After Berkeley opens with a letter from Mai Abu ElDahab addressed to the book's designer, Will Holder, about parallels between their project and Roberto Bolaño's book The Savage Detectives. It and proceeds through a series of conversations revealing the references, methods, and interests of the participants at Objectif Exhibitions ranging from reticence and possession in artistic production to a historical account of so-called carrot jokes.

    ContributorsInterviews: Matias Faldbakken by Nikki Columbus, Will Holder by Richard Birkett, Sophie Nys by Dieter Roelstraete, Clifford Irving by Francis McKee, Patricia Esquivias by Jonas Žakaitis, Norma Jeane and Tim Etchells by Anna Colin, Michael Portnoy by Sofía Hernández Chong Cuy, Hassan Khan by Brian Kuan Wood, Barbara Visser by Raimundas Malašauskas; and contributions by Mai Abu ElDahab and Dexter Sinister

    • Paperback $25.00
  • From Berkeley to Berkeley

    From Berkeley to Berkeley

    Objectif Exhibitions, 2008–2010

    Mai Abu ElDahab

    The publication includes a series of interviews with artists who exhibited at Objectif Exhibitions, Antwerp, over a two-year period, along with a collection of secondary and parallel material produced in collaboration with each artist. Ranging from the humorous to the pseudo-scientific, the artists discuss the methods by which their research is transformed into practice. Both the artists and the interviewers constitute a community of active and concerned arts practitioners who, through art-making, writing, curation and teaching, deal with issues of representation, behavioral patterns and historical legacy.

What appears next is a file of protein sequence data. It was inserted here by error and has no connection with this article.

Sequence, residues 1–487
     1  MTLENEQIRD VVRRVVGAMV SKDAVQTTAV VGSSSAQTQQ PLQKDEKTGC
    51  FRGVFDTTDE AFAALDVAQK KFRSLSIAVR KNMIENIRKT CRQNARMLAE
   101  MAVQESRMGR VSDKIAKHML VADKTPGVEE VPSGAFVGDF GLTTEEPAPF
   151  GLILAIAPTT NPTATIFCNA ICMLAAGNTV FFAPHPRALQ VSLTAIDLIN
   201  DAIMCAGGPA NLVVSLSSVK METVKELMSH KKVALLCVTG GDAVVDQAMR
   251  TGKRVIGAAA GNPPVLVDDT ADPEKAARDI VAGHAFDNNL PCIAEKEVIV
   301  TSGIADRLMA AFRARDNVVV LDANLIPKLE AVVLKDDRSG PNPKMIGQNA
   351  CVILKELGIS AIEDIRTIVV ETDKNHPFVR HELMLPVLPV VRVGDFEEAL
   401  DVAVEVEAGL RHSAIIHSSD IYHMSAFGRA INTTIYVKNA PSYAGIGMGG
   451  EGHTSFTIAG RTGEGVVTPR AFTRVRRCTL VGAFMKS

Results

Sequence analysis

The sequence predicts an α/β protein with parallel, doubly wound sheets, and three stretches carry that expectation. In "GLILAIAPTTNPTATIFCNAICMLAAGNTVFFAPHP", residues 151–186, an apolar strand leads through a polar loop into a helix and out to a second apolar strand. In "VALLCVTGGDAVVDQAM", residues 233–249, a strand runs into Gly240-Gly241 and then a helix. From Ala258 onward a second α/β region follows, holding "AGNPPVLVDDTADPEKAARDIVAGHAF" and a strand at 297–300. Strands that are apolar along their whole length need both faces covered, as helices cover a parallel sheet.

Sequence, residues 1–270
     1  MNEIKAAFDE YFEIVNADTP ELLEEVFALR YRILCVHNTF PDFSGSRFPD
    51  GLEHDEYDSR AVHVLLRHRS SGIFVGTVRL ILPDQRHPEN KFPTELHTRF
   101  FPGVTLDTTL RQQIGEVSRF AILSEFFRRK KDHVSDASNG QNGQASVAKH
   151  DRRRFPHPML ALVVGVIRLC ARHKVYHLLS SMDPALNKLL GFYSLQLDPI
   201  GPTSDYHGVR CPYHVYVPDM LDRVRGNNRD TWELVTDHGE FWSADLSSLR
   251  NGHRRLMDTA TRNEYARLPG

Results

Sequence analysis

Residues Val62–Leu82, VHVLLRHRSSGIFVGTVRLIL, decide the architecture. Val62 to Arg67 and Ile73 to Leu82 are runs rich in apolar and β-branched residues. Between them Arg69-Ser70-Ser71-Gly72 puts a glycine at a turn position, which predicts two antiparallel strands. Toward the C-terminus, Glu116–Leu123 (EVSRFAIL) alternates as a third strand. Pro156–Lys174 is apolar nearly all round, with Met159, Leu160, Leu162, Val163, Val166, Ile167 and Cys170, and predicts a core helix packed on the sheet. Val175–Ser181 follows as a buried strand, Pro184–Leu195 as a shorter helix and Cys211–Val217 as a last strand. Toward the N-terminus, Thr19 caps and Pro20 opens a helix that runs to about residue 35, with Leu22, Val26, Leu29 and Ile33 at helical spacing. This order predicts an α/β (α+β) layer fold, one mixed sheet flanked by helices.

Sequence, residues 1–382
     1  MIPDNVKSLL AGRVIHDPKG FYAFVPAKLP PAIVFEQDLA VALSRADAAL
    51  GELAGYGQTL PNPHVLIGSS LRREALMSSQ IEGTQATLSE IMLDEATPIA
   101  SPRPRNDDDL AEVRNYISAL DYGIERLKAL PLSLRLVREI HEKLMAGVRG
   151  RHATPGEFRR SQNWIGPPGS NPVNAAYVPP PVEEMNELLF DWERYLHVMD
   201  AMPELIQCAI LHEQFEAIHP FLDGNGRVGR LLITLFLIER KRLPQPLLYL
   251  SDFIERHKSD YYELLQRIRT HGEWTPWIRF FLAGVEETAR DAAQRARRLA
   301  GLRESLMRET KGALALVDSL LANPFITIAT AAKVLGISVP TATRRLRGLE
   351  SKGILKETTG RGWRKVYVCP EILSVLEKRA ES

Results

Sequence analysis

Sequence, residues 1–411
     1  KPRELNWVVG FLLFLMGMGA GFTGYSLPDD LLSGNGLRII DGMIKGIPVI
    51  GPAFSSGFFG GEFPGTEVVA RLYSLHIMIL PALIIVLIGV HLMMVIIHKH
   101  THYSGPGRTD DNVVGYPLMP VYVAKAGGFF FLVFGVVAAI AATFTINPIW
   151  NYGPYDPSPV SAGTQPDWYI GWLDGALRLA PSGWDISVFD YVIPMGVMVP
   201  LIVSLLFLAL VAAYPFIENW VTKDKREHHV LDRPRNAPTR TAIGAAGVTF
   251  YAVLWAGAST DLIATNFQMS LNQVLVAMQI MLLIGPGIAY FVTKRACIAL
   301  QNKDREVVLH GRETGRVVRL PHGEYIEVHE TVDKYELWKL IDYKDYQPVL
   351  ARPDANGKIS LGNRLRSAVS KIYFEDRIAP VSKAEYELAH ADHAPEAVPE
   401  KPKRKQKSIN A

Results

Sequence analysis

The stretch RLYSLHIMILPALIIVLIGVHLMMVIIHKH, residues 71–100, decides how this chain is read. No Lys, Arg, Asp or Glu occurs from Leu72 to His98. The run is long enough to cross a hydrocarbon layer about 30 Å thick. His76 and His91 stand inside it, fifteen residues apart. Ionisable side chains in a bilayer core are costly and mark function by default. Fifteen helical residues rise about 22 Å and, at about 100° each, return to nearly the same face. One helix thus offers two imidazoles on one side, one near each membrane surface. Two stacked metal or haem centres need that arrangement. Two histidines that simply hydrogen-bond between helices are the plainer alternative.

Co-published with Objectif Exhibitions

    ContributorsInterviews: Mai Abu ElDahab by Will Holder, Guy Ben-Ner by Jan Verwoert, Mariana Castillo Deball by Giovanni Carmine, Sancho Silva by Luca Cerizza, Michael Smith by Larissa Harris, Yael Davids by Frédérique Bergholtz, Mark Aerial Waller by Mike Sperlinger, Anne Daems by Ronald Van de Sompel, Chris Evans by Francesco Manacorda, Antonio Ortega by David G. Torres, Sharon Hayes by Roger Cook, Christian Jankowski by Raimundas Malašauskas, Michael Stevenson by Esperanza Rosales; glossary by Dexter Sinister

    • Paperback $25.00
  • Circular Facts

    Circular Facts

    Mai Abu ElDahab, Binna Choi, and Emily Pethick

    Circular Facts is a collaborative endeavor between three European contemporary art organizations: Casco – Office for Art, Design and Theory, Utrecht; Objectif Exhibitions, Antwerp; and The Showroom, London, in partnership with Kunst Halle Sankt Gallen and Electric Palm Tree. The project acted as an informal think tank and a mutual support structure for the production and dissemination of artistic projects, and has culminated in an eponymous publication. The publication aims to gather a spectrum of perspectives to explore the roles of specific initiatives within their particular localities. The contributors have produced works that speak to their experiences within arts institutions, collaborative curatorial initiatives, and research networks, expanding on the relationship between institutions and artists, markets, local and international audiences, and current political climates.

    ContributorsMai Abu ElDahab, Binna Choi, Emily Pethick, Heejin Kim, Anthony Huberman, Will Bradley, Miren Jaio and Leire Veraga, Anna Colin and Melanie Boutaloup, and Gabi Ngcobo; and an interview with Kim Einarsson.

    • Paperback $19.95